The FDIC has been quick to shoulder much of the losses in seizing the assets of failed banks and selling them off to other banks.
Now it wants something in return: a pledge from those acquiring banks to go easy on unemployed borrowers in danger of losing their homes.
Specifically, regulators on Friday directed institutions that have received federal aid in acquiring failed banks to "consider temporarily reducing mortgage payments for borrowers who are unemployed or underemployed."
Through signing forbearance agreements with those struggling borrowers, banks would give them time to find work and hopefully avoid an unnecessary foreclosure.
"With more Americans suffering through unemployment or cuts in their paychecks, we believe it is crucial to offer a helping hand to avoid unnecessary and costly foreclosures. This is simply good business since foreclosure rarely benefits lenders and would cost the FDIC more money, not less," Federal Deposit Insurance Corp. Chairman Sheila Bair said in a statement.
Ultimately, Bair said, the approach could help reduce the FDIC's losses as well.
The target of the directive are "loss-share" banks that have received federal help in acquiring failed banks. The biggest recent case affecting Floridians: BB&T, which acquired the assets of failed Colonial Bank last month in a deal that shifted much of Colonial's liabilities to the FDIC.
BB&T spokeswoman A.C. McGraw said the bank was reviewing the directive and had no further comment.
From the beginning of 2008 through August 2009, the FDIC has entered 53 loss-sharing agreements, with $80 billion in assets covered by the program. Under the new directive, those banks are asked to give borrowers at least six months to make reduced mortgage payments as they try to find employment.
"There's no question there could be cases where six months is not long enough ... but that's usually a reasonable period of time," said Michael Krimminger, a special adviser for policy in Bair's office.
Krimminger said the program addresses a fundamental shift in the nature of mortgage woes, from the subprime mortgage crisis to a crisis for homeowners with traditional mortgages who are having trouble paying.
"Earlier the problem was the structure of the loans. Increasingly it's an issue of people losing their jobs," he said. "It's pretty evident in the data we're seeing that delinquency rates of prime mortgages are going up much higher than people would have anticipated."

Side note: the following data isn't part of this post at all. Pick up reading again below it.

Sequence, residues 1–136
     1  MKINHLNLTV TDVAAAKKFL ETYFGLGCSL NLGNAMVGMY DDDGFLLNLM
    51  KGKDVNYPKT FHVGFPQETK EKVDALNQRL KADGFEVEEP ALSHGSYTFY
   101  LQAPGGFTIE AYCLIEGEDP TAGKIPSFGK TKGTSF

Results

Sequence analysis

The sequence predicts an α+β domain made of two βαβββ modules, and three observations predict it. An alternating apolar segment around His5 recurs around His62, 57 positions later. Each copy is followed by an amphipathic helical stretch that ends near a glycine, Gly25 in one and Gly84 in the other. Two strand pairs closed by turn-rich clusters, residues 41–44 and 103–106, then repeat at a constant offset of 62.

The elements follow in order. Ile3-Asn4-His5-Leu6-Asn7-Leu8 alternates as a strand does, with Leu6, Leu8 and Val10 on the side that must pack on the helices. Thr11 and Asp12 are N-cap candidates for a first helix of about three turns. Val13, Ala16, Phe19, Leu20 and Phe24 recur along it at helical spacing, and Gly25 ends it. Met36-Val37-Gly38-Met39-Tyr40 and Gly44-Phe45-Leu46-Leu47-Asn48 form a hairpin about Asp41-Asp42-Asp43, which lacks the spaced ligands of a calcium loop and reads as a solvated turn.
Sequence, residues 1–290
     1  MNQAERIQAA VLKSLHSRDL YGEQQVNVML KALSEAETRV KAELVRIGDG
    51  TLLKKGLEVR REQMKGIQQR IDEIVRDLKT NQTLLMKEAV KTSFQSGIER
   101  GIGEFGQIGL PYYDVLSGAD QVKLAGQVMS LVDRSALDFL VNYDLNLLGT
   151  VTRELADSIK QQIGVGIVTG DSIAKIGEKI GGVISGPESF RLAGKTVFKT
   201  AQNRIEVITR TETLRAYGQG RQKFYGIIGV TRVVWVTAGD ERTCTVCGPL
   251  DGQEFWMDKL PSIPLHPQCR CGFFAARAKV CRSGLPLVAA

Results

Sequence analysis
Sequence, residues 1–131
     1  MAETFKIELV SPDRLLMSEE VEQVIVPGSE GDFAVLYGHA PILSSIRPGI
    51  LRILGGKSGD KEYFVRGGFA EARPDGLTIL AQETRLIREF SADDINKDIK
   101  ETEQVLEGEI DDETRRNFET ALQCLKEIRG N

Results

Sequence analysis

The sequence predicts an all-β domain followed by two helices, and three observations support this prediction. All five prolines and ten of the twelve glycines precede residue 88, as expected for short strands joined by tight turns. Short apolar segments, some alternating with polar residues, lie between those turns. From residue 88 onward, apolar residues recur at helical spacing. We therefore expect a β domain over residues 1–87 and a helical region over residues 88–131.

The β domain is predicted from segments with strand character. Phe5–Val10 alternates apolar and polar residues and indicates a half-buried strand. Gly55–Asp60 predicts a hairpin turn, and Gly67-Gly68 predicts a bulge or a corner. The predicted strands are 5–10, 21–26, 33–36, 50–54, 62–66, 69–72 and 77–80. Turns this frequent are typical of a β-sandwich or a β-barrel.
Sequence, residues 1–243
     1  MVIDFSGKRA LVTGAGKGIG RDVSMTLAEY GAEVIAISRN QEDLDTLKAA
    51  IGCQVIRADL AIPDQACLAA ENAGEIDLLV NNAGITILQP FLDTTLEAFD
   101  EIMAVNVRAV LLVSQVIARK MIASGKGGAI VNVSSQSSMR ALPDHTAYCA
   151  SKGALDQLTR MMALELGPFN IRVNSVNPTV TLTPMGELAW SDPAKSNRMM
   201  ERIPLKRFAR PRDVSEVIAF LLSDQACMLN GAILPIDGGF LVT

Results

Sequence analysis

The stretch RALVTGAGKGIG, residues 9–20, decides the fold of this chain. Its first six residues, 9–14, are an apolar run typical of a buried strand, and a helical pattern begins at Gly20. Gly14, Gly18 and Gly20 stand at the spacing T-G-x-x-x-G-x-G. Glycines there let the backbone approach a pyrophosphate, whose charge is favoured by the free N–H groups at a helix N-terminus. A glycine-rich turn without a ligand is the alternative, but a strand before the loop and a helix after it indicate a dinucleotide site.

The directive is couched as a recommendation, but regulators say they expect compliance. "It would be early for me to tell you what the response is - though I suspect it will be widely supported," FDIC spokesman Andrew Gray said.
The FDIC's push gets to the heart of two of the biggest problems dogging the Tampa Bay area: high unemployment and a high number of foreclosures. In July, the bay area unemployment rate stood at 11.3 percent. Though the number of area foreclosures dropped 14 percent between July and August, foreclosure and pre-foreclosure homes still constituted close to 40 percent of sales this summer.
As part of their loss-share agreements, buyers of failed FDIC-insured banks already must abide by the agency's mortgage loan modification program. But increasingly, borrowers have been unable to meet certain income criteria to get their loans modified.
Borrowers are supposed to meet what's known as a "net present value" test, a measurement of whether they have the income stream to support paying a modified payment for the life of the loan. Those who can't pass the test, including many who are out of work, could face foreclosure.
Krimminger said some banks are more willing than others to offer forbearance agreements. "What we're going to hold them to is making choices to help. ... (This program) offers a helping hand to people who are in dire straits through no fault of their own."
Jeff Harrington can be reached at firstname.lastname@example.org or (727) 893-8242.